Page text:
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Employment Advocates in the Employment Court

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Auckland District Law Society ADLS calls for ban on Employment Advocates in the Employment Court. Employment Advocate Lawrence Anderson writes to the Minister to give a submission.

Employee Case Review

Employment Advocates represent in the Employment Court

Dear Hon. Wood,

I am an Employment Advocate. I hold a Graduate Diploma in Business (Dispute Resolution) and am an Associate member of the Arbitrators’ and Mediators’ Institute of New Zealand (AMINZ); and I am currently studying toward a Bachelor of Laws.

Myself and my constituents are concerned with the proposal put forward from the ADLS Employment Law Committee (“the Committee”) that has been published.

In considering our views we observe the object of the Employment Relations Act 2000 that this framework addresses the inherent imbalance of power between employer and employee; and the protection of the integrity of individual choice.

Employment Advocates are integral to helping resolve employment relationship problems at the lowest possible level. This includes where Advocates, like myself, often offer clients a “no win, no fee” arrangement for cases that have merit.

My personal experience in representing employees include having been successful in the Employment Court for clients where the employer has challenged the Employment Relations Authority’s determination.

When there is a challenge filed in the Employment Court, after service being effected, the respondent has only 30 days to file a Statement of Defence. If the Employee wishes to challenge a loss in the Authority, there is only 28 days to file a challenge.

The cases that we take to the Authority for our clients result in a client-practitioner relationship often for the period of 1-2 years or longer. If there is a mandatory change in representation where an Employment Court challenge occurs, there is a limited time (as described above) to file a defence for the employee; the employee may be impecunious and unable to pay legal fees (this may be due to the employer’s actions); and a lawyer taking over the case will not have had the benefit and insight into the facts and merits of the client’s case. A lawyer would have to start from the beginning to get up to speed with the case at a considerable expense to the client.

Notably, as far as I am aware, where there is a challenge to a Judgment of the Employment Court, and the Court of Appeal grants leave to hear the challenge (well, before that step), Advocates can seek leave to represent their client on the grounds of their intricate knowledge that they have acquired during the course of representation of the matter. The client would be prejudiced without the Advocate.

Therefore, we are concerned that if the Committee’s proposal is adopted that employers will have a perverse incentive to challenge Authority decisions where an employee has had success in the Authority, because under this proposal an employee cannot utilise their Advocate for representation in the Court.

Giving up and walking away may become the only option for the employee in light of balancing risk and lawyers’ fees; considering the pressure on the employee in this 30 day timeframe. The “no win, no fee” contract with the Advocate will entitle the Advocate to fees from the successful Authority determination and the client may still be charged by the Advocate even if there was a win in the Authority. That is currently not my practice to do that as I consider it to be unethical given that currently I am able to defend challenges in the Court.*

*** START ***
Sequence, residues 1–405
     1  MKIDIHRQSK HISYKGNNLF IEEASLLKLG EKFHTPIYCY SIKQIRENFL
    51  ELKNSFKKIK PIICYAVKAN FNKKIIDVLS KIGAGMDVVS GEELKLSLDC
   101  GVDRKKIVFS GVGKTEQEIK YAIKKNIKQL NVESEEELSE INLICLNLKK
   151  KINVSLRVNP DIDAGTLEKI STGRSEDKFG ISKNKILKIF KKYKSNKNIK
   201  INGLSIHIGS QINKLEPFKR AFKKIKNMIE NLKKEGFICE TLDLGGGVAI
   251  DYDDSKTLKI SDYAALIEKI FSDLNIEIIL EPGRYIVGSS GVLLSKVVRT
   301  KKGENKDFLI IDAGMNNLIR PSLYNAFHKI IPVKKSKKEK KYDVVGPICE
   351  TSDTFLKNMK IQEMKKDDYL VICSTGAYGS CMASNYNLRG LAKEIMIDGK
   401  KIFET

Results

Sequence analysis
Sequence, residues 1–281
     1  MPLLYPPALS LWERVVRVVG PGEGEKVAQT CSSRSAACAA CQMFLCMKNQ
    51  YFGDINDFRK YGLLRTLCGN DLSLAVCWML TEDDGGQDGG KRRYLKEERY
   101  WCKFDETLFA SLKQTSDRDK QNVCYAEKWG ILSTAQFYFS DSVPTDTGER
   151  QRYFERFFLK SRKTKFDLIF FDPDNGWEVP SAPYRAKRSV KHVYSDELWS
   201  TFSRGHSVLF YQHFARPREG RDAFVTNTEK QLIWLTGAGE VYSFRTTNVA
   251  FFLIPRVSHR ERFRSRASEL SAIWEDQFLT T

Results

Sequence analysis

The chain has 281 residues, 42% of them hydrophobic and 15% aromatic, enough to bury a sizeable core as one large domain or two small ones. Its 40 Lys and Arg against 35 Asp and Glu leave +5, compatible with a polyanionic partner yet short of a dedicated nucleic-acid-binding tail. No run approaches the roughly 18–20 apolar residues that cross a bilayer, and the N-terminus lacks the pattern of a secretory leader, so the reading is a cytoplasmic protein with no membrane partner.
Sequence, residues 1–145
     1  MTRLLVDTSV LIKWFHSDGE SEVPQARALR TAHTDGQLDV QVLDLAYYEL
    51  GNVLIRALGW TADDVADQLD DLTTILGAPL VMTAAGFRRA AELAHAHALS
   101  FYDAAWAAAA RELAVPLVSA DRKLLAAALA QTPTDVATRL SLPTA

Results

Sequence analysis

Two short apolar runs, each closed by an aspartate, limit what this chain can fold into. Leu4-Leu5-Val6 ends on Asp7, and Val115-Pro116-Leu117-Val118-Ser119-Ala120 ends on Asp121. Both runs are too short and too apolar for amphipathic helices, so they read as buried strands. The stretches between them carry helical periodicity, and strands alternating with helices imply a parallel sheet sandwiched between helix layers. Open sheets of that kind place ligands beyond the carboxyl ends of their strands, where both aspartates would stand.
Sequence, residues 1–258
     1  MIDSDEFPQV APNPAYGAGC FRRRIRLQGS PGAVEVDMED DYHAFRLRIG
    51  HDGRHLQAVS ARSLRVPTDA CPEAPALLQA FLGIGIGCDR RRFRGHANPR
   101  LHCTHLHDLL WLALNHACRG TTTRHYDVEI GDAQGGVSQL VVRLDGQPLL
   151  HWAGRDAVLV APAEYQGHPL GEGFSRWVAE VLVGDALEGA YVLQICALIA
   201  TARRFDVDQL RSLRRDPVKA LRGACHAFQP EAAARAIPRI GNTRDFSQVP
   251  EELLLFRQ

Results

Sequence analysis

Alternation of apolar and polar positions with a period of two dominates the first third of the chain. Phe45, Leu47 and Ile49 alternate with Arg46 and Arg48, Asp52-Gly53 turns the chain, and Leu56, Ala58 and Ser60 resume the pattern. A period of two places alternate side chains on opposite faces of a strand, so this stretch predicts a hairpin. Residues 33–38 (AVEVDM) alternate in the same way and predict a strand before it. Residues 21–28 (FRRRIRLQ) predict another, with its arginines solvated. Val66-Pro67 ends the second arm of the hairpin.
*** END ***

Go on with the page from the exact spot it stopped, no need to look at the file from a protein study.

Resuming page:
Would such a regime of banning Advocates from the Employment Court be contrary to the Act’s object to address the imbalance of power between employer and employee?

Would such a regime open the floodgates to employers challenging Authority determinations where the employee has limited options in seeking affordable representation? Or within a reasonable time?

Would such a regime restrict Advocates from performing other actions, for example, seeking a declaration of Employee Status under s 6 of the Act, where the Court may be able to hear such a claim sooner than the Authority?

If on day one, we told an employee client that any Personal Grievance raised, or Authority proceeding filed, could lead to a challenge that we cannot defend for them, most people are not going to want to go through this dispute resolution process knowing that in the end we cannot help them if their former employer challenges an Authority determination. The effect of this is the employee being denied access to justice by not having the funds to pay for a lawyer.

We appreciate there is a push to regulate Advocates. We feel that there are much better ways of doing it. If it was done the way the Committee has described, we are of the view that it would be a disaster for the reasons I have set out above.

Yours faithfully,

Lawrence Anderson AAMINZ

* It is the writer's practice to continue the "no win no fee" arrangement to see the case to the end if there is a challenge to the Employment Court, eg: STL Linehaul Limited v Waters [2022] NZEmpC 114 ; Surplus Brokers Limited v Armstrong [2020] NZEmpC 131

Also Published with Leighton Associates.

Download File: ADLS Employment Court Ban on Advocates and Advocate Regulation Proposal

Last Updated: October 3, 2022 0800 WIN KIWI